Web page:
Sedum furfuraceum is a low-growing, branching succulent up to 4 inches (10 cm) tall and up to 1 foot (30 cm) wide. Leaves are egg-shaped, up to 0.4 inch (1 cm) long, dark green, covered in scurfy, whitish scales and aligned in tight, spiral rows. They are often reddish-purple in bright light.
Lower leaves turn a reddish-orange hue and later drop off to expose twisted, thick, gray-white stems. Pinkish-white, star-like flowers appear in early spring and each lasts for about 10 days.
Sedum glaucophyllum is a prostrate, mat-forming evergreen perennial plant forming patches up to 30–40 cm (12–15.5 in) in diameter. The leaves are glaucous green, succulent, rounded, 1–2 cm (0.5–1 in) long and wide, arranged in a dense helix on the stems.
The flowers are white, 10–12 mm (0.39–0.47 in) in diameter, with four slender, pointed petals; they are produced in clusters on erect stems up to 10 cm (4 in) tall, held above the foliage.
Sedum greggii is a perennial succulent plant with cone-shaped rosettes at the base of the flowering branches. Leaves are alternate oblanceolate or elliptic, rounded to obtuse, up to 0.5 inches (1.3 cm) long and up 0.2 inches (0.5 cm) wide.
Flowering stems are branched, up to 6 inches (15 cm) tall. Flowers are star-shaped and yellow in color. After yellow flowers are spent in midsummer, tightly packed, imbricate leaves form cone-like rosettes at the bases of stems. These buds elongate the following winter.
By spring, stems are seen for the first time as simple, terminal inflorescences of several flowers rise above still relatively tightly packed, elongated tufts.
Sedum grisebachii is an easy ground cover with tiny, bead-like leaves. Its color can vary from green to red. It thrives even in rocky soil and can tolerate full sun, drought and hard frosts. In summer it blooms with lots of tiny, star-shaped, yellow flowers. This species is native to the high elevations of Greece and Bulgaria.
Blue-gray narrow needle-like succulent foliage sits in dense whorls along the stems of this somewhat of a sub-shrub-like Sedum. Sedum griseum makes an easy container specimen plant or can be used in combination with other sedum varieties and succulents.
This is a native of Mexico and is not tolerant of hard frosts and freezes so bring it indoors into a sunny location for winter. The blue Sedum griseum may produce clusters of starry white flowers in winter and or early spring.
Sedum hakonense ‘Chocolate Ball’
This well-behaved Stonecrop species is an excellent edging or rock garden plant, particularly for hot, dry sites with poor soil. This unique variety forms a low-spreading mound of milk-chocolate, succulent, needle-like leaves that change to dazzling red with the onset of cooler temperatures in fall.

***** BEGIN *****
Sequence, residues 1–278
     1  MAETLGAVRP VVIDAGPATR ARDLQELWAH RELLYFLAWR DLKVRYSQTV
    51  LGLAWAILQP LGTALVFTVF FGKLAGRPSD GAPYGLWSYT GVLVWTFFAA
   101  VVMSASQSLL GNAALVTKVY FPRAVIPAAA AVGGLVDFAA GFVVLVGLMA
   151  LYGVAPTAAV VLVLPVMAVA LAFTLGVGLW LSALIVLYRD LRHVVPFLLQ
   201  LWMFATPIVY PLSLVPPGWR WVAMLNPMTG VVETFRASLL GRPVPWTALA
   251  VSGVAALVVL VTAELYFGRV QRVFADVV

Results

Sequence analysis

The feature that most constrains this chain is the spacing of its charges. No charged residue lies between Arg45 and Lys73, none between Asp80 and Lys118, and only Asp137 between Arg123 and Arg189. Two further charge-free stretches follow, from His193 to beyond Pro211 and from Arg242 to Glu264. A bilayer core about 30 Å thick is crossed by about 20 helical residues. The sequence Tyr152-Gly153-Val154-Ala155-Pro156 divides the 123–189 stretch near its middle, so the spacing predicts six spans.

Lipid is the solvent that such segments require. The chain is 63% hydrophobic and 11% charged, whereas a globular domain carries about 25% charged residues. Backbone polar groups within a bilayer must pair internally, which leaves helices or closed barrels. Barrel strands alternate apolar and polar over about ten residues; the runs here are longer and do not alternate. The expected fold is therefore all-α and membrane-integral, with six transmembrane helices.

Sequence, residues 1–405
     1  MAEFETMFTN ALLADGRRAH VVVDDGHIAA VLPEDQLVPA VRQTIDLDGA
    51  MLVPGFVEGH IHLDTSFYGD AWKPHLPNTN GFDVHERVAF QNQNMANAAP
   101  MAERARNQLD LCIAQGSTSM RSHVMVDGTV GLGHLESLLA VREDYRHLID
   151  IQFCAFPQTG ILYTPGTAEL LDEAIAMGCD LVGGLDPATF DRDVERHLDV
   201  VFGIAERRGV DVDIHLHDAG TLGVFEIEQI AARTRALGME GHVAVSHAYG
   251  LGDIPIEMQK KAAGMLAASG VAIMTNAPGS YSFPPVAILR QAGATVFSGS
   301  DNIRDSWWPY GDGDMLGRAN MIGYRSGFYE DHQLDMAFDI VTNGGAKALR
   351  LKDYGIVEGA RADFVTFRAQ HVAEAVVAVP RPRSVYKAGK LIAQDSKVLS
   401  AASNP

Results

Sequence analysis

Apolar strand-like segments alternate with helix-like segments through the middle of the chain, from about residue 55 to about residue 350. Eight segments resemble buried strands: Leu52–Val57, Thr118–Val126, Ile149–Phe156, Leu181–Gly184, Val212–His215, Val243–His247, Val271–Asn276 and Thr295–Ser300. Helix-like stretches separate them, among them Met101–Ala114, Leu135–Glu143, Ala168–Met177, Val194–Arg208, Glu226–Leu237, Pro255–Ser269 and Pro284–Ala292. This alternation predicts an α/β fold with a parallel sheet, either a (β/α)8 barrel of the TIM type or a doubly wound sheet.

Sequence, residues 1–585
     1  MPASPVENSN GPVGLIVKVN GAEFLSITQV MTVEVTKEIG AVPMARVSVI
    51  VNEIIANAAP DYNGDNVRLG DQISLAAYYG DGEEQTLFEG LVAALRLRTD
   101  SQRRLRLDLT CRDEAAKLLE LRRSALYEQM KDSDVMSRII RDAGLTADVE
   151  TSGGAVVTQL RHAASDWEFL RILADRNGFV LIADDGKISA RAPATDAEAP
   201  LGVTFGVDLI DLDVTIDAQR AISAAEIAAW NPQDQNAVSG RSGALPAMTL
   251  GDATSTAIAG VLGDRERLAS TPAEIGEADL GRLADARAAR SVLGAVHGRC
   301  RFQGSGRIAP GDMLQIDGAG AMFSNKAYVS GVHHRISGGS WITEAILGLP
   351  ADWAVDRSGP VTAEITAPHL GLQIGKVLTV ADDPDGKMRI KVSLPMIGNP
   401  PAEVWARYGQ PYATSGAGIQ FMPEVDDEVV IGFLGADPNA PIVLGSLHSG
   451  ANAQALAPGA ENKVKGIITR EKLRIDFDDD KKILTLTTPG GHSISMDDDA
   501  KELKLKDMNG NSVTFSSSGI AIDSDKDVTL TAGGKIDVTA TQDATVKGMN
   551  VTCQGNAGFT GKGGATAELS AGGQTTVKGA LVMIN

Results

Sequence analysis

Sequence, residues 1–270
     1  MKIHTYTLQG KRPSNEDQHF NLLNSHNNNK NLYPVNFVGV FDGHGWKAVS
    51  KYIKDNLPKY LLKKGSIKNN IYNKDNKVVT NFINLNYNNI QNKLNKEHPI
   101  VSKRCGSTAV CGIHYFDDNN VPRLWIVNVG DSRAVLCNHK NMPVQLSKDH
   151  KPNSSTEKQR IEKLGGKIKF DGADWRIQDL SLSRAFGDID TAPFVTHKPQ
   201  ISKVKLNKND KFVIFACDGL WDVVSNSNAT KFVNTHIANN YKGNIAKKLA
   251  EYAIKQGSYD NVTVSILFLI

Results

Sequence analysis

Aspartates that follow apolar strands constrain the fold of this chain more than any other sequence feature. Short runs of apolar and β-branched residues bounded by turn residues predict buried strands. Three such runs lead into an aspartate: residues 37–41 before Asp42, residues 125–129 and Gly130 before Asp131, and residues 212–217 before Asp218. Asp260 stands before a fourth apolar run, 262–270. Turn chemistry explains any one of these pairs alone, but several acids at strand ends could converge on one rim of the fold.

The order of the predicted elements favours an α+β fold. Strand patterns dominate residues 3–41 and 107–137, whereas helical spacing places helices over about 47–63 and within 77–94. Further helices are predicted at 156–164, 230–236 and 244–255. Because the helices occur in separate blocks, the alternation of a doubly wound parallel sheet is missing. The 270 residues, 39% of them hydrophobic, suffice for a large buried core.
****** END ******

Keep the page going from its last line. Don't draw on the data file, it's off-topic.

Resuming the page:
Yellow flowers appear in summer and continue into early fall. Gorgeous year-round. Reliable if provided with adequate drainage. Also well-suited for growing in tubs and alpine trough gardens. A good candidate for any collection of fine alpine plants.
Sedum hernandezii is one of the “Jelly Bean” Sedums that forms clusters of stems, up to 4 inches (10 cm) tall, with very chubby, emerald green leaves that have the same “cracked” epidermis as Sedum furfuraceum. Flowers are star-shaped, yellow and appear in winter and spring.
Sedum hintonii has short but stout leaves that grow together in the form of a rosette. These leaves are additionally egg-like in shape and are light green in color, covered with numerous white spikes or hair throughout their length.
Sedum hirsutum (Hairy Stonecrop) is a perennial, succulent plant with dense, low clusters of Rosularia-like rosettes on erect stems up to 2 inches (5 cm) long. The leaves are up to 0.4 inches (1 cm) long, elliptic, flattened above, light green and pubescent.
The flowers are 5-, rarely 6-petaled, up to 0.3 inches (8 mm) long, white with somewhat united petals in a pubescent, few-flowered inflorescence.
Sedum hirsutum subsp. baeticum
Spreading succulent with rosettes to 4cm. Small green leaves with pink tinges in cold weather.
Sedum hispanicum is a low-growing, perennial, succulent plant up to 6 inches (15 cm) tall. It has blue-green, succulent foliage. As the weather warms, the foliage turns to a blue-grey color and it has a soft feathery feel to it. In late spring to summer it has clusters of small, whitish-pink blooms.
Sedum humifusum is a low-growing, mat-forming, succulent plant up to 1 inch (2.5 cm) tall, with deep green foliage that turns bright red in heat and cold. Brilliant yellow, five-petaled flowers are up to 0.4 inches (1 cm) across and are produced in early summer. The neat, compact, miniaturized habit and freely produced flowers make this species a prized specimen.
Sedum hybridum ‘Immergrünchen’ (Sedum Immergrunchen) is a robust ground cover with red and green foliage. It blooms from mid to late summer with yellow flowers and goes partially dormant in winter, losing some leaves until re-sprouting in spring. This variety is similar in appearance to Sedum kamtschaticum.